Steve Goble

Choose life. (Deuteronomy 30:19)

I got this double-CD for Christmas, but I only really wanted it for one track.

The opening theme. Hoyt Curtin's deafening 90-second fanfare embodies all that is great about… well, arguably everything.

As a kid, I used to follow the first US version of Battle Of The Planets on the BBC here in England, in the same room where I'm scribbling this now. The weekly saga of Mark, Jason, Princess, Tiny and Keyop's ongoing struggle against Zoltar and that flaming grey head (black-and-white telly) that was always berating him for failure, was one that I rarely missed.

Thanks to post-modernism, now for me it's all about the amount of repackaging that the series went through to get onto English-speaking screens in the first place. It's great to read the loving sleeve-notes that come with this and learn at last just how many of the rumours are true. I remember trying to figure out at the time why 7-Zark-7's scenes just seemed so… remote. On the rare occasions when two of the main cast actually did manage to drop in on him, their paralysis of movement was haunting.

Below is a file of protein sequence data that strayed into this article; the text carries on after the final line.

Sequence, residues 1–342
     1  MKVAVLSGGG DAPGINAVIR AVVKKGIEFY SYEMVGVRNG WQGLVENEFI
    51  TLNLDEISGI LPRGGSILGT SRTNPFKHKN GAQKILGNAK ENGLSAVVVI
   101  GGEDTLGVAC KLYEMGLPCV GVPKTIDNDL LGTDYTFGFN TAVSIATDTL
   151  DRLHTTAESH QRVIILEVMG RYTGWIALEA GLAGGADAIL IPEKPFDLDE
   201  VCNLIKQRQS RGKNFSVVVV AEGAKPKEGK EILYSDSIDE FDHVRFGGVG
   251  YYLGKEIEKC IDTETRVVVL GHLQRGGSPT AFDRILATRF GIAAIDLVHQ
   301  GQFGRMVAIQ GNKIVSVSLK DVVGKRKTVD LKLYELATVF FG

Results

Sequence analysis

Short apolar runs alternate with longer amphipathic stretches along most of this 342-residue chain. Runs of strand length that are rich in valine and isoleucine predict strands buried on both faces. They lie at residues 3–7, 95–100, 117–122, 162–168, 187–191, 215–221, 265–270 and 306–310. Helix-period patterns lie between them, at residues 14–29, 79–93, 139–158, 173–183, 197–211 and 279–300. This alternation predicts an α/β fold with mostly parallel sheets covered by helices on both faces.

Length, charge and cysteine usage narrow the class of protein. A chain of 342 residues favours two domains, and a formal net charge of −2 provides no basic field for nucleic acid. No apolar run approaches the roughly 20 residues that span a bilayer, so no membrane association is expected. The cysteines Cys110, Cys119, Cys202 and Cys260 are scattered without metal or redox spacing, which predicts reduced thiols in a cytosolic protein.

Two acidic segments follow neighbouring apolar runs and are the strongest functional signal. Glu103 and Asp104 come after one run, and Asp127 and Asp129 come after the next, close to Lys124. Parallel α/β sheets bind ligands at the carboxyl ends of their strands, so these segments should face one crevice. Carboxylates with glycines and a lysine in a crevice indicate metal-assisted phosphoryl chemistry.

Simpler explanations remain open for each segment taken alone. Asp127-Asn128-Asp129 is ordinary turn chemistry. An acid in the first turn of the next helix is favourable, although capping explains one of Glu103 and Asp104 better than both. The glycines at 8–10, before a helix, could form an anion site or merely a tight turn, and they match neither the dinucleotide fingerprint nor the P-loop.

However, back to the actual music on this two-disc set.

Well, the opening theme is still every bit as awesome as ever. (for years now I've watched these credits just to pick myself up when feeling down) However it's Bob Sakuma's scores from the original Japanese Gatchaman cartoon that most evoke the content of the show. In fact, every track in this collection is a hit, some of them reminding me of various other genre shows, such as Lost In Space (CD1#19), Sledge Hammer! (CD1#13) and ITV Nightscreen (CD2#28). (the funky stylings of Neil Norman And His Cosmic Orchestra are evoked in places on here too!)

The second CD rounds off with a couple of modern club remixes of some of this material, which is never quite what I'm after in an original soundtrack album, but what the hey. After reading so much about the old familiar characters, and seeing their images speckled throughout the booklet, it is nice to hear their voices again, however repetitively they've been sampled.

The sung closing French theme of La Bataille Des Planetes is mentioned in the notes, but sadly not included on the discs. Nothing else on here quite betters or indeed even equals that epic opening anthem though.

Thank you, Sandy Frank. I will always remember your name, whoever you were.

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